THE EDITOR: Just under six months in office and still getting his feet wet, Police Commissioner Gary Griffith has been ordered to rest by his doctors, but would he comply with such an order without some degree of hesitation?
The commissioner’s dear wife, friends and relatives who are near and dear to him should set the tone for his well-deserved vacation. They should coerce him into taking off the boots even though it may be only for a short stint.
Compliance with his doctor’s order at this crucial hour would indicate to his deputies that he does repose that confidence in them to carry on in the same vein in his absence.
Having taken the prescribed leave of absence the opportunity for a new beginning arises and should be seized by the super top cop.
In this new beginning Griffith must give way to his communications specialist. He must be mindful of the fact that he is not the office-type commissioner and being on the battleground with his men facing trigger-happy gunmen, his utterances to media personnel could at times be shrouded with emotions.
The recent “one shot, one kill” statement to which the Law Association and other bodies took objection was testimony to the ill-timed comment. In order to avoid a recurrence the commissioner should consider setting aside a day to pursue his office duties during which time it may be appropriate to hold his media conferences.
In a mere five months in office, Griffith, a no-nonsense commissioner, has already raised the bar and has set his standard high. He must now render himself likeable and approachable to all citizens including the common criminal from whom he can personally extract information on crimes committed by other criminals.
With the commissioner’s flexible personality, the way must be paved for interaction with the criminal elements. There are individuals with critical information concerning nationals who have just vanished and on murder investigations that have stalled along the way. These gory details must be unearthed.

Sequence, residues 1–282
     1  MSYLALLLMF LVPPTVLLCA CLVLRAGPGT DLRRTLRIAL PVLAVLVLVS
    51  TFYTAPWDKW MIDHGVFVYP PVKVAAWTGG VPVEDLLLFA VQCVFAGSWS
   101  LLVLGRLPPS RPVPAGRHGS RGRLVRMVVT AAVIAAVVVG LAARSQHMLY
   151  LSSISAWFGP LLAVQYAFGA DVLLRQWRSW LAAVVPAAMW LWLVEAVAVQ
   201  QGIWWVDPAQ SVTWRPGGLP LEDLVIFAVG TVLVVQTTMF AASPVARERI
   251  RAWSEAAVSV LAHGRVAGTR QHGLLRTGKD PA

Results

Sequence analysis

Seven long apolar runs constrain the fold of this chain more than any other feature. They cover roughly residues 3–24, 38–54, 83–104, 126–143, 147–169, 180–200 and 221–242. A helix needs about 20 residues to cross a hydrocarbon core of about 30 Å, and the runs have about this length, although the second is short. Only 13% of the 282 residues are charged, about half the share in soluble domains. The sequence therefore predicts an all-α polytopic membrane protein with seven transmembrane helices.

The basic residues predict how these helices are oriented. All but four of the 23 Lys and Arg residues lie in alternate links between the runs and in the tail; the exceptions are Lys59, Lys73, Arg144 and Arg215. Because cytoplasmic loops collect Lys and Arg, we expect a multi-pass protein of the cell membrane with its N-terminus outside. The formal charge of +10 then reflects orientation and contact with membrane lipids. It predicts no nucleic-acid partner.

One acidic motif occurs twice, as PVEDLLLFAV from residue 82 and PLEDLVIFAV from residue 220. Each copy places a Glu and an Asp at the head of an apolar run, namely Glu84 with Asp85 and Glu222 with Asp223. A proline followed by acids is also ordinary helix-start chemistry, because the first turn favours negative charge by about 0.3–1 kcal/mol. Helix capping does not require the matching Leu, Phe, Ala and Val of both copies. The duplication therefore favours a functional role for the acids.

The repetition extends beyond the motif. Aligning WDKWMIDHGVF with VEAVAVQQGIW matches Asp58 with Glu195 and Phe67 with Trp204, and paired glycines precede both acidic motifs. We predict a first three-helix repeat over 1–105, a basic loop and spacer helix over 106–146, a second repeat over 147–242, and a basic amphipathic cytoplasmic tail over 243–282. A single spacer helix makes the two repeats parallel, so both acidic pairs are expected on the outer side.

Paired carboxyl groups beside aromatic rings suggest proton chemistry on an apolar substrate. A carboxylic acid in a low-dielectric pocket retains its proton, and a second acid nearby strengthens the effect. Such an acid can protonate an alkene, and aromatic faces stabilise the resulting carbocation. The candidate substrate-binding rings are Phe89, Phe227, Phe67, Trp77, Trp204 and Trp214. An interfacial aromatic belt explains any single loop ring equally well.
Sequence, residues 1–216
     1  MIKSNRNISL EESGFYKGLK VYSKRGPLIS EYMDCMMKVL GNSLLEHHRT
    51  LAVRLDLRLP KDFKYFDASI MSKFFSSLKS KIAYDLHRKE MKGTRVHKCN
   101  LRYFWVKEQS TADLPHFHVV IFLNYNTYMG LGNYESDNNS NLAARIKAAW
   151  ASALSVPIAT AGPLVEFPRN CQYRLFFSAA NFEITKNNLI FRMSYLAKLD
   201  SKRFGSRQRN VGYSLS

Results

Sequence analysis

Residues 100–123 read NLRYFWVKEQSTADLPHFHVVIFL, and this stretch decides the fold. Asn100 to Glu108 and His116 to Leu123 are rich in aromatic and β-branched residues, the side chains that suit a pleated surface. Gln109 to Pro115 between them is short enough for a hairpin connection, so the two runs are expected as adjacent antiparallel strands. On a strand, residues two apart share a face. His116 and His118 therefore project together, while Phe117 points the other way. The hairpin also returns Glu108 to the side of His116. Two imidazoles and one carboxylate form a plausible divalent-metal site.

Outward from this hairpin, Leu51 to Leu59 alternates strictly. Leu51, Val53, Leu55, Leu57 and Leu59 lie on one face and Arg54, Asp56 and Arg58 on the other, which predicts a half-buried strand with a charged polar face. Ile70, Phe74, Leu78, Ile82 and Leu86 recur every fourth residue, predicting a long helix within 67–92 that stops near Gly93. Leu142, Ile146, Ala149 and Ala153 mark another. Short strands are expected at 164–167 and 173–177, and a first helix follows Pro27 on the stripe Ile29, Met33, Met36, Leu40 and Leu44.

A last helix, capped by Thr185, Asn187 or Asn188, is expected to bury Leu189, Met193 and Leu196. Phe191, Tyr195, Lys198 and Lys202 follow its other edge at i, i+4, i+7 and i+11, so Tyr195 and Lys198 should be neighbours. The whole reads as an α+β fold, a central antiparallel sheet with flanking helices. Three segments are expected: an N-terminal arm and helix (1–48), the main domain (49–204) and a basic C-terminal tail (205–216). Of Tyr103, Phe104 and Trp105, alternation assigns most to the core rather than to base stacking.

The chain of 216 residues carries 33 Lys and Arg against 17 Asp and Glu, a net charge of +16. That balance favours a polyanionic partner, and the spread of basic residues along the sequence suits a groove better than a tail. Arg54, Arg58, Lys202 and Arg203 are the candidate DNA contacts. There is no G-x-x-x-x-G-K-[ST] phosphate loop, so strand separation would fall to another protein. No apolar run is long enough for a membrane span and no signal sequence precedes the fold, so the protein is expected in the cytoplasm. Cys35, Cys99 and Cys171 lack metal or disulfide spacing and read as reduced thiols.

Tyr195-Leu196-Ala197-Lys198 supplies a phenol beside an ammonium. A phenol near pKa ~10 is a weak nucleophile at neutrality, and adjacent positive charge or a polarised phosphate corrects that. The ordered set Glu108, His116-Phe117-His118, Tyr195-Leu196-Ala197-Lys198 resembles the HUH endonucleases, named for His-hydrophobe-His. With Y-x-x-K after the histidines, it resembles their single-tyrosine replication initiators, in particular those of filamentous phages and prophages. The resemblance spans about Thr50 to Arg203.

Grounding off on one another is not unusual in the criminal arena. This occurs for various reasons and in the interest of crime detection and crime suppression this breach should be nurtured and embraced. In Griffith’s new beginning it would be profitable to plant in those fields where there is an abundance of fertile soil.
Prior to seeking foreign assistance to deal with the country’s cold cases, Griffith should try sourcing these investigative skills from within his ranks and from retired policemen who may be willing to return to share their expertise.
Apparently, overwhelmed with enthusiasm and exuberance our Police Commissioner may have been toiling for too many hours without the requisite periodic breaks, thereby expending too much energy daily.
He must be advised to tone down for health reasons and heed the biblical quotation, “The race is not for the swift nor the battle for the strong, it is for those who endure to the end.”
The politician turned police chief has had a swift start and has been given a 100 per cent rating by the population for job performance. He must however be cognisant of the fact that he has entered a race that had already begun.
Based on his aptitude and strong passion for his job, our commissioner should be closely monitored and urged to rest intermittently as this is of essence in order to rally and endure till the “race” finally ends.
DAVID C O’NEAL